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The Latest Café Metropole Club 'Report'

You can find the last week's 'The Club's 6th Year Begins!' club report online as the years ooze into the future. Nine membersphoto, carrousel, horses were in the café's 'grande salle' almost simultaneously, almost at the same time, almost at the same string of tables. A Kir Royal was the 'Drink of the Week' of course.

The coming meeting of the Café Metropole Club will be on Thursday, 21. October. The Saint's 'Day of the Week' will be Sainte– Céline. This is yet another early christian who was Saint–Rémi's mom. He in turn, as Bishop of Reims, baptized Clovis who was the king, and was won over to Catholicism.

Hardly similar important facts about the club can be found on the 'About the Club' page. The grotty graphic of the virtual club membership card on this page looks several times better online than printed, but is free both ways. The club membership itself is totally free too, because nothing's perfect.

This Was Metropole Two Years Ago

Issue 7.43 – 21. Oct 2002 – this issue's Café Metropole column's title was, 'Drizzle On My Head.' A special version of club news announced 'Your Club Turns Four (Three!) – Whichever, It Only Took a Whole Year.' This was followed by 'Grape Days for Café Metropole, the World's Only Drinkable Online Club.' Actual content consisted of 'Le Mois de la Photo 2002' – More Cheese.' The Café Metropole Club update for 24. October was seriously called "A Complex Philosophicalphoto, sign, place joachim du bellay Question" report. There were four new 'Posters of the Week' and the caption of Ric's weekly cartoon was "Pure Breton Cola!"

This Was Metropole Three Years Ago

Issue 6.43 – 22. Oct 2001 – the Café Metropole column began with 'Hello, Goodbye – Indian Summer.' The Au Bistro column's headline was "Put an End To the Beginning!" There was one tiny little feature titled 'Maybe Not the Last Day of Fall.' The Café Metropole Club update for 25. October was a 'Rare 'Calm' Meeting' report. Another thing was called 'Important Club Alert – 'No Trick, No Treat, No Fooling.' There were four wonderful Paris type 'Posters of the Week' and Ric's Cartoon of the Week was captioned, 'Euro–Alert for Robbers.'

The 'Countdowns' are Still Repealed

But this won't hinder the 'Quote of the Week' from appearing here. For the introduction I propose, 'A l'impossible nul n'est tenu.' Which kind of means you shouldn't expect the impossible countdowns to go on for ever. All the same, for hard–core fans, there are 32 days left until the anniversary of the Grand Banks earthquake, which ripped up a lot of Transatlantic communications cables in 1929.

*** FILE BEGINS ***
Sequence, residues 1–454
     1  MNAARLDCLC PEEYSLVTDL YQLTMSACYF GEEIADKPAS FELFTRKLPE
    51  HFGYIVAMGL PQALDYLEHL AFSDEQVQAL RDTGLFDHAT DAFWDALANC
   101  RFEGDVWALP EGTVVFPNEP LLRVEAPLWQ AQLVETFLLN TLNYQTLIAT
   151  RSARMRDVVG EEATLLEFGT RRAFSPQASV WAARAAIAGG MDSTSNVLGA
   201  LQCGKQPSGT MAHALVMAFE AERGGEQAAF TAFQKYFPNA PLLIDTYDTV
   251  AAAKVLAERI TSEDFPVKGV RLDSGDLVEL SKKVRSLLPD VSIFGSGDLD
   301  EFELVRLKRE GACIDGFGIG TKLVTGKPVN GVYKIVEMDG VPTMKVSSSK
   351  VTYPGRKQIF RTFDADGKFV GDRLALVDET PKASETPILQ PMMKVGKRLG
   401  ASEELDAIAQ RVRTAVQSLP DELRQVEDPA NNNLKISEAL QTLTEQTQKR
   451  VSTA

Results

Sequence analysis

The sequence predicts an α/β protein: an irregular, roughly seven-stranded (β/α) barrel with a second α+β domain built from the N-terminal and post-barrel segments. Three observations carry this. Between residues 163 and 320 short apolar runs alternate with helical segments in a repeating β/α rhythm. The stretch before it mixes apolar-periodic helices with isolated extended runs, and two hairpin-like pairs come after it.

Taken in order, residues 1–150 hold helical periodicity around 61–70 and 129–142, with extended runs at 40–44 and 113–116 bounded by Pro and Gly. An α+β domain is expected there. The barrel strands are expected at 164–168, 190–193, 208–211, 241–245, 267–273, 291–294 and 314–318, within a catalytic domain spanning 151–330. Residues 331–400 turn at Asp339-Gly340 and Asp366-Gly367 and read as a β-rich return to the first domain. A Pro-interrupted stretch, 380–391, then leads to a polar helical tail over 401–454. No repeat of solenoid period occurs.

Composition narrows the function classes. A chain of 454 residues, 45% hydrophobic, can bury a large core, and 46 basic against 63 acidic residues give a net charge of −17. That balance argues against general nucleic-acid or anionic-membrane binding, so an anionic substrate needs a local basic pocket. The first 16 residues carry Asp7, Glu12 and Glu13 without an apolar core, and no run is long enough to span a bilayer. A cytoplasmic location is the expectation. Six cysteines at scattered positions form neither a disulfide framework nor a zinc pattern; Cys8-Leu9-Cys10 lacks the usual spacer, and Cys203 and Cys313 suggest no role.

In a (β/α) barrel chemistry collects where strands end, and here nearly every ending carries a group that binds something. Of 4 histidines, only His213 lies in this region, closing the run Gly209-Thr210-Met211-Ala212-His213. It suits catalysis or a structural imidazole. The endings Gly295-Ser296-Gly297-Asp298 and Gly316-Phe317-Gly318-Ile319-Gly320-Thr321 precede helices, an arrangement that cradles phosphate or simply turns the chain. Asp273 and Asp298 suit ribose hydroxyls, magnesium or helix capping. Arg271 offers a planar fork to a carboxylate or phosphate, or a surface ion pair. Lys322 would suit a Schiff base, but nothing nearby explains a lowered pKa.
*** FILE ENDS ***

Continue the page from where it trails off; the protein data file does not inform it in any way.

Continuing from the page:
Famous Anniversaries of the Week

In 1867 the United States took over Alaska from the Russians and in 1898 it acquired Puerto Rico, which wasn't quite the same thing. Pierre Choderlos de Laclos, the French general and author, was born 263 years ago and Thomas Edison died 73 years ago today. This is also the anniversary of the date that Louis XIV scrapped the tolerant Edict of Nantes, which had been signed by his grandfather, Henri IV, in 1598.

Champion rock and roller Chuck Berry was born today 78 years ago in St. Louis. At his high schoolphoto, poster, conciergerie, palais de la bd graduation dance he played 'Confessin' the Blues,' which was not exactly appropriate, but got him onstage where he has stayed, ranked number five on Rolling Stone's list of 50 greatest 'artists.'

October's 'Significant Dates of the Week'

On Friday, 18. October 1016 the Danish chief Knut beat up his Anglo–Saxon rival, Edmond Iron–Coast at Ashingdon in Essex. The winner was offered the crown by the Anglo–Saxons, to become the first Viking ruler of Britain.

My carefully researched history then adds that the second was Guillaume le Conquérant [ou le Bâtard]. As a Duc de Normandie it is possible that he was a Viking, but all my French history remembers is that he was famous for the Doomsday Book. As France seemed to have no books at the time, it was probably the best–seller of the century.

Today's Other 'Important Dates of the Week'

There are only 74 days left of this year. This is exactly the same number of 'days left,' as at this time in 1919, when 'Lucky' Pierre Elliott Trudeau was born, most likely in Canada. This is totally unconnected to the fact that this year has used up 291 days, the same number that 1860 no longer had when Lord Elgin ordered the sacking and burning of the Summer Palace in Beijing. It must have run in the family because his grandfather wrecked the Parthenon in 1801.
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